Okomfo Anokye was an Ashanti fetish priest, statesman, and lawgiver who lived in the late 17th century. He helped create the Ashanti Kingdom's constitution, rules, and customs as a cofounder in West Africa.
Okomfo Anokye was given the name Kwame Frimpon Anokye when he was born (Okomfo means "priest"). His descendants claim he was born of an Ashanti mother and an Adansi father, and was related to the military leader Osei Tutu (the other cofounder of the Ashanti Kingdom) through a maternal uncle. Some traditions claim he came from Akwapim in the Akwamu Kingdom southeast of Ashanti, but his descendants claim he was born of an Ashanti mother and an Adansi father. Anokye served as Osei Tutu's advisor and chief priest when he ascended to the leadership of a small group of Akan forest states around Kumasi, which had already formed a loose military alliance.
Tutu and Anokye, who must be regarded together, continued their predecessors' expansionist policies, crushing two formidable foes, the Akan Doma to the northwest and the Denkyera kingdom to the south. To overthrow the Denkyera yoke, a powerful unity that transcended the Ashanti segments' particularism was required, and Anokye used not only his priesthood's political clout but also spiritual ties to turn the loose Ashanti alliance into a "national" union in 1695.
To counterbalance the influence of local traditions, Anokye and Tutu founded Ashanti state rituals and customs. The Ashanti capital was called Kumasi. They formed a state council made up of the chiefs of the pre-existing states that had been admitted to the union, and they suppressed all conflicting origin customs. The Ashanti army was eventually reorganized.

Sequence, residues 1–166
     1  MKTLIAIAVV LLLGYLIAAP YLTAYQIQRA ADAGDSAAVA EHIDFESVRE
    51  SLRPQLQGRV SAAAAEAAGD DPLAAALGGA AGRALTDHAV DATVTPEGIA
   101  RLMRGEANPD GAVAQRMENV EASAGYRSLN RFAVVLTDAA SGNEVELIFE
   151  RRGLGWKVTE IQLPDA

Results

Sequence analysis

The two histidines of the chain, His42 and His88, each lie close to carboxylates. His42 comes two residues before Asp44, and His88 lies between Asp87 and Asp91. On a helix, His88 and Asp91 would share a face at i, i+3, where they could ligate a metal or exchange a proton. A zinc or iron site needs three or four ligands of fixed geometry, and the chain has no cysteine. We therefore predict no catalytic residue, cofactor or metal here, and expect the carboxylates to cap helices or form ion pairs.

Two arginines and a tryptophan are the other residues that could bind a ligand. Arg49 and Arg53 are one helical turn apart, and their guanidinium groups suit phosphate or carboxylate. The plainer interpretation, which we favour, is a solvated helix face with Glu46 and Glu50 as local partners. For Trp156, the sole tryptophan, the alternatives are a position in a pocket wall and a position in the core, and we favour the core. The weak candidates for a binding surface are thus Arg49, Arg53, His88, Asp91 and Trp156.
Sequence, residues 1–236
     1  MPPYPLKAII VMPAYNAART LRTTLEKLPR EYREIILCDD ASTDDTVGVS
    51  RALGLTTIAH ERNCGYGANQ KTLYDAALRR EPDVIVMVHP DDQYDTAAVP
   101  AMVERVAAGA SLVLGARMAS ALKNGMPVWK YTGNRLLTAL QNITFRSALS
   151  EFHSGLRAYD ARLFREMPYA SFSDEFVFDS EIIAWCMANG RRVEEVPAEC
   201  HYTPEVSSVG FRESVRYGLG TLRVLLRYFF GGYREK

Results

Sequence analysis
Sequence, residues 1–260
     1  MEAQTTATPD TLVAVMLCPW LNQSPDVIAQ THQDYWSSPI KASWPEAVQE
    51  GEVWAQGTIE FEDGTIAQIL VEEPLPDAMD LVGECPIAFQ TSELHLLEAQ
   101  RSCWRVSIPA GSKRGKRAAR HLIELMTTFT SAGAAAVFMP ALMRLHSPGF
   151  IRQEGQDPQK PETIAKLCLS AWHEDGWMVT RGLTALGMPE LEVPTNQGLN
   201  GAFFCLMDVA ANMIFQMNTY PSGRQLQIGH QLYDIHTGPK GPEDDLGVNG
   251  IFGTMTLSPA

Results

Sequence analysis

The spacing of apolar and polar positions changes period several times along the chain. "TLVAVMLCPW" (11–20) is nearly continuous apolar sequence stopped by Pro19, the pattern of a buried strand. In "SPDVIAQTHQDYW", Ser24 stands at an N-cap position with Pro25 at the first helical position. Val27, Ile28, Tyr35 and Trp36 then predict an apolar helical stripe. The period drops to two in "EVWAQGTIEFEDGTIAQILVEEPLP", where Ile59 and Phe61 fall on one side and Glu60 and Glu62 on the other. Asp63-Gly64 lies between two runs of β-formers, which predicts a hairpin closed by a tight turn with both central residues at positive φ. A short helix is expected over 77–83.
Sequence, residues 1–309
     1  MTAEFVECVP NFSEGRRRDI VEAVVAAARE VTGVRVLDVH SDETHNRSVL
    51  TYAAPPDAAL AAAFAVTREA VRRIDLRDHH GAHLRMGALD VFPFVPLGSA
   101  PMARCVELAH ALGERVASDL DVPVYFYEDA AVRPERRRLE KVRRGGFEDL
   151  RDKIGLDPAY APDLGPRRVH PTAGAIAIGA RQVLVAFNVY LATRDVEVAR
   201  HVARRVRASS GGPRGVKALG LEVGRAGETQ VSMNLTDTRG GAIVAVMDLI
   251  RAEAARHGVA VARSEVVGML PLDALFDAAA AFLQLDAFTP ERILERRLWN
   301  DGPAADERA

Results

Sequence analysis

The war with Denkyera, which lasted from 1699 to 1701, began badly, but when the Denkyera army arrived at Kumasi's gates, Anokye's "incantations" allegedly triggered defections among their generals. The Ashanti overthrew the Denkyera hegemony and took possession of Elmina Castle's Dutch deed of rent. This provided the Ashanti with access to the African coast, allowing them to participate in the coastal slave trade's commerce and politics. Anokye is said to have returned to Akwapim after Tutu's death in 1717 and died there.
The permanency of the nation Anokye the lawgiver and Tutu the warrior formed, with its symbolism and rituals still alive in the greater state of Ghana, is a measure of their greatness. Anokye was credited with helping the Ashanti to "succeed where Hellas had struggled," that is, to preserve their national unity after their liberation war.
The Ashanti people honored him by naming "Okomfo Anokye Teaching Hospital" in Kumasi after him.
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